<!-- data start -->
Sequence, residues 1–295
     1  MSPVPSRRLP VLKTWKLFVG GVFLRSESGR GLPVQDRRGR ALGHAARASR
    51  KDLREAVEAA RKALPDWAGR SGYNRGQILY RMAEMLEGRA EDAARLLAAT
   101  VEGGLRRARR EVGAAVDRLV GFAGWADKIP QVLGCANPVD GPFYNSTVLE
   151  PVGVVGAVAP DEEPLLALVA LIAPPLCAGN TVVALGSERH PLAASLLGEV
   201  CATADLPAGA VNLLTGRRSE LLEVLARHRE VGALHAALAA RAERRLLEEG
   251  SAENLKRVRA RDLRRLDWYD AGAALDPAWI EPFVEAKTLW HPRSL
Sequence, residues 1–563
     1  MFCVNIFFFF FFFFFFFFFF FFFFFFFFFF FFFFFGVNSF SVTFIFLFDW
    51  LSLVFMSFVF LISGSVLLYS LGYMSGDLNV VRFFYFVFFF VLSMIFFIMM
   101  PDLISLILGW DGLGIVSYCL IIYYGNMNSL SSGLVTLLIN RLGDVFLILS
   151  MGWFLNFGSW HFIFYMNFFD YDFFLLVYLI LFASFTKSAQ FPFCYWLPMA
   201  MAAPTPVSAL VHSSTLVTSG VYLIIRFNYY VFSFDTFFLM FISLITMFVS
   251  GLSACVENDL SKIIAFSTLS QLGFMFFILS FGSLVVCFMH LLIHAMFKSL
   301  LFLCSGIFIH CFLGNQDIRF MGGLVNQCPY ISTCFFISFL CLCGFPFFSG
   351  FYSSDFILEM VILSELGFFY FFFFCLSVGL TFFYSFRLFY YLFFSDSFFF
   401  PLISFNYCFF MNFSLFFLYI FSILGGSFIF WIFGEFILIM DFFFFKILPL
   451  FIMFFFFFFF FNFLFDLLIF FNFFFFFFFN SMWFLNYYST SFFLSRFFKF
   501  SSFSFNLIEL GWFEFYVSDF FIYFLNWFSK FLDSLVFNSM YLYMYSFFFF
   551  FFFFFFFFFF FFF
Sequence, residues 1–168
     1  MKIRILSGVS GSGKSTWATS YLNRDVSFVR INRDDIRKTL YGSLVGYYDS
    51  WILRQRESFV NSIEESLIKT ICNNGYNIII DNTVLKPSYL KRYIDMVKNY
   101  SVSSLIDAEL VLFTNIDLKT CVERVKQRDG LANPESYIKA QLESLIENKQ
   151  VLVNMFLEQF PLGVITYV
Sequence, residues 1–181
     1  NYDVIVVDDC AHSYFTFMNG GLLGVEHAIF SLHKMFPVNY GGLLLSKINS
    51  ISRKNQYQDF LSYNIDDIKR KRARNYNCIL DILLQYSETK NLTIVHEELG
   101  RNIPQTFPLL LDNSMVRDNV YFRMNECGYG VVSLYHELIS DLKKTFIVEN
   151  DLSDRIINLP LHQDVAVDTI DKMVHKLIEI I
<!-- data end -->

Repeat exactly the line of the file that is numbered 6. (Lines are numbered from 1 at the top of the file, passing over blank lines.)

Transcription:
   201  CATADLPAGA VNLLTGRRSE LLEVLARHRE VGALHAALAA RAERRLLEEG